Are You a Product of Your Past?

The past is prologue so we are all products of our pasts to varying extents. I am the son of an alcoholic father, and my life, in part, has been shaped by that fact. Whether your father drank too much, your mother took too many pills, your older sibling or cousin relied upon legal or illegal drugs, or if you knew of someone in that situation; then you will identify with what I have to share.

My father was a good, caring, hard-working man who suffered from the disease known as alcoholism, which back then was called a drinking problem. Although he died when I was in my late twenties, it wasn’t until later in my life that I began to understand the reasons why he used alcohol to cope with his fear and shame. Understanding my father, his habits, and choices put things into perspective, but it did not change that his actions influenced my life.

Growing up in a world of uncertainty was an extreme challenge. From day to day I could not predict my father’s condition or mood, and that meant I couldn’t risk the embarrassment of bringing home friends. As an adolescent I often wondered, “What do they think? How did they look at me?” It caused me to create some very interesting stories in my mind that I carried for a long while. One “story” was that I was the only kid on this planet that had this problem. The fear of embarrassment also manifested itself whenever we were in public. If he had been drinking to excess, anything could happen and the world was judging me, or so it seemed it was in my story. Therefore, I developed techniques and habits that would drive my life. For example, by eight I learned that the more I controlled my environment, the less the chance existed that I would be surprised and hurt. I learned that uncertainty caused anxiety whereas control and being highly over organized produced safety.

Are You a Product of Your Past?

Another early lesson I learned was that confronting my father when he was under the influence was not wise. I had no chance of winning the confrontation and that taught me conflict was bad and should be avoided at all costs. As readers of my columns know, this pattern does not lead to healthy relationships. It led to breakdowns in communications and a less than authentic life.

But, my challenges produced a few survival techniques or “strong suits.” I learned to evaluate my surroundings instantly. If my father was smoking a pipe it usually meant that he was not drinking and things were safe, yet if I smelled cigarette smoke, I played outside a little longer. Any object out of place was a clue that I used to deduce information about my environment. This habit to quickly assess my surroundings later helped me to read people and business situations within minutes. Since I needed to find alternatives to direct conflict, I developed creative ways around it using the power of influence. Being a professional influencer was invaluable dealing with difficult clients, both internally and externally to the company.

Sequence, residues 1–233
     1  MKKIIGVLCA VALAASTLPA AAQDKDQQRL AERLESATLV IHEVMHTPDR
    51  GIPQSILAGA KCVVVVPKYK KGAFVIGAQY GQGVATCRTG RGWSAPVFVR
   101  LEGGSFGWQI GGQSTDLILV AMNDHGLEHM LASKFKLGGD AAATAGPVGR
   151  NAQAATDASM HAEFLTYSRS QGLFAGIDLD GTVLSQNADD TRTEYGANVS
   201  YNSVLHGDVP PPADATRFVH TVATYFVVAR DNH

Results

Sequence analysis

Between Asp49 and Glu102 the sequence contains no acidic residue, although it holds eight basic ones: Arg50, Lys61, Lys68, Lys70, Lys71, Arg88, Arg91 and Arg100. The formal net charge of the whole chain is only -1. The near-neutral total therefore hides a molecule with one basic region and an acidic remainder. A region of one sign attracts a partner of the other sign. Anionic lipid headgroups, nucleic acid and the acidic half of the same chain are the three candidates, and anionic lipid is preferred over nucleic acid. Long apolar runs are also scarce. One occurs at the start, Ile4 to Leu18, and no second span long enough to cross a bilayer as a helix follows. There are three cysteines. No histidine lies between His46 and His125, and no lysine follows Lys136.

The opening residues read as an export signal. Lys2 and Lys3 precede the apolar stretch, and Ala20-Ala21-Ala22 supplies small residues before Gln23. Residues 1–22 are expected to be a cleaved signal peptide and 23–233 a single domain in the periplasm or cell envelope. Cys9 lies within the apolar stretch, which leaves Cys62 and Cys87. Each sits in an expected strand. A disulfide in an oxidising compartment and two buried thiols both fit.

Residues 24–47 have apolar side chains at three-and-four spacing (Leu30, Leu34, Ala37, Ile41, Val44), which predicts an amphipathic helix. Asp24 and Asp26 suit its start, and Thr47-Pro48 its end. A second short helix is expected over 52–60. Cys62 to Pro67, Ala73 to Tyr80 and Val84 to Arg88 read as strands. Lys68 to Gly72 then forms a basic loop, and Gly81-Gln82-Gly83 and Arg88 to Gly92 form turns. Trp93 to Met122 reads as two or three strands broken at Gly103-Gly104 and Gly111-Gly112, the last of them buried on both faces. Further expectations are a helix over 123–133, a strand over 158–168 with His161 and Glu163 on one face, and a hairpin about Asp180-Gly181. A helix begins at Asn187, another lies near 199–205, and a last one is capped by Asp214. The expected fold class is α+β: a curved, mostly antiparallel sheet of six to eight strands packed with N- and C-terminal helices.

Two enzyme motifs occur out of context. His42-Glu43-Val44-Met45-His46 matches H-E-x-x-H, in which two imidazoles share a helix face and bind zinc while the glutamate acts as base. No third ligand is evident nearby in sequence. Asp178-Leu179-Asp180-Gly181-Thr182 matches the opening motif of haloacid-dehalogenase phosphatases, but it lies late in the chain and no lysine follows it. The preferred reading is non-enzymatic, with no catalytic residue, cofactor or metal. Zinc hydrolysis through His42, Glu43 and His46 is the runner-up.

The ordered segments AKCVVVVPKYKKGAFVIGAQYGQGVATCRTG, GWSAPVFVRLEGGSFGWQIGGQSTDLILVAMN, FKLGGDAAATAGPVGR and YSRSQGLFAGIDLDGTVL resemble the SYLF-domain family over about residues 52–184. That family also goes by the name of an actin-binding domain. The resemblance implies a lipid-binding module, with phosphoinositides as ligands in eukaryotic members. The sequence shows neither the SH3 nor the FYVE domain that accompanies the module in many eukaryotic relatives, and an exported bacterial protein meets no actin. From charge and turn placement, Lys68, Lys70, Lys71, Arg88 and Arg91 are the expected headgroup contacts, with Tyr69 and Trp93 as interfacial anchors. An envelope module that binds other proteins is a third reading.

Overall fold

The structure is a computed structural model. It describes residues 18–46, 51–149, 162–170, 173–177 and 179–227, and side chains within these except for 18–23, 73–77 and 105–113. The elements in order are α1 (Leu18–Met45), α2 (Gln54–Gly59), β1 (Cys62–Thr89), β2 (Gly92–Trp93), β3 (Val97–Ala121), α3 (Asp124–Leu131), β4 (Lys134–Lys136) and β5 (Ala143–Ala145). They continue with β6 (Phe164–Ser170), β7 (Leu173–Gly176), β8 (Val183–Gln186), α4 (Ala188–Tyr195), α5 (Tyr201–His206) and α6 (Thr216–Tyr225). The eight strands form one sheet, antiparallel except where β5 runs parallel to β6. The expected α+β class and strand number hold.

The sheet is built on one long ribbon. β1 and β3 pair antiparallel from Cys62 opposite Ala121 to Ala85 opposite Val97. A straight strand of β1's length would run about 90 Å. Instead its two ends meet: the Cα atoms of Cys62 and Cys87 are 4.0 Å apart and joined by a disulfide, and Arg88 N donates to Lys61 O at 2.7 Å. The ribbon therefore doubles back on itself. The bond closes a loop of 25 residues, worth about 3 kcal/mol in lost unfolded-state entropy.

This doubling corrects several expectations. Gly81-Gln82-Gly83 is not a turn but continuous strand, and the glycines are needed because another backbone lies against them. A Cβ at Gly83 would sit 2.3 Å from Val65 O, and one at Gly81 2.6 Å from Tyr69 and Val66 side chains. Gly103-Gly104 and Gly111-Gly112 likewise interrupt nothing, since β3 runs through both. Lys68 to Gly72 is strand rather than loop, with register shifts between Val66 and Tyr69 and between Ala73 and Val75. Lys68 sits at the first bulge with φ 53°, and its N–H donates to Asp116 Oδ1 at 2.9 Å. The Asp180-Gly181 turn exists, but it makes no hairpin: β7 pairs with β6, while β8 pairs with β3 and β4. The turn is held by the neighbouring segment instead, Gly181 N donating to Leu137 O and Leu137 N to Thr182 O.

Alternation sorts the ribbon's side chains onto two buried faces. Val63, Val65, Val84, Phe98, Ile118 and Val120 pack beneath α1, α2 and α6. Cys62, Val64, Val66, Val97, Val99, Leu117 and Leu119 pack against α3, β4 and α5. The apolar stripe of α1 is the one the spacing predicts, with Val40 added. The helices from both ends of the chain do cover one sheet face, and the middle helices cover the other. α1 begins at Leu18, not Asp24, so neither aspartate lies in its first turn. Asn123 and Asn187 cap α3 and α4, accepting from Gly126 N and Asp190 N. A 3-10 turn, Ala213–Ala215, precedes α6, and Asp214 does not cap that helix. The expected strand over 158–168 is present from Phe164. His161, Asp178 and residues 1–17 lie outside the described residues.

We develop many of our strengths because of lessons we learned as a child from how we first dealt successfully with crises. Although in many cases these strengths have helped us survive and mostly succeed they have also locked us into our current professional path with no apparent escape.

The way that I saw the world as a little boy was through lenses that were clouded and formed by the circumstances that I described, which I’m sure applies to many of my readers. Most importantly it was how I was interpreting that situation. In some cases, my first impression was twisted from the reality and would stay with me until adulthood until corrected. For example, it was a fact that my father was an alcoholic and it was a fact that I was there to witness his actions in various forms; but my interpretation that my friends and my world was laughing at me was not real and not a fact. Later I learned that they had some of the same shame and fear in their own lives.

To have a productive future with new opportunities, I had to recognize and then make friends with and shake hands with my past. Forgiving my father and embracing the facts instead of my incorrect impressions of reality gave me the power to deal with my wound and not concentrate on the person who caused it. This past, no matter how bad, was never going to give me the fuel to burn a healthy present and future.

If you have identified with my journey and can replace your life (at least in part with mine) then my suggestion to you is to totally understand that you are a wonderful whole person and that each day is a new beginning and being. Live each day by starting at the point of where you are and not through the lenses of an eight-year-old child who has developed a life of interpretations and false stories. This gives you tremendous opportunity to be and create a future full of new opportunities based on just being and living not in the past and not in the future but in the present as if you were born today. For those of you who say that this not possible, it is…. I know!

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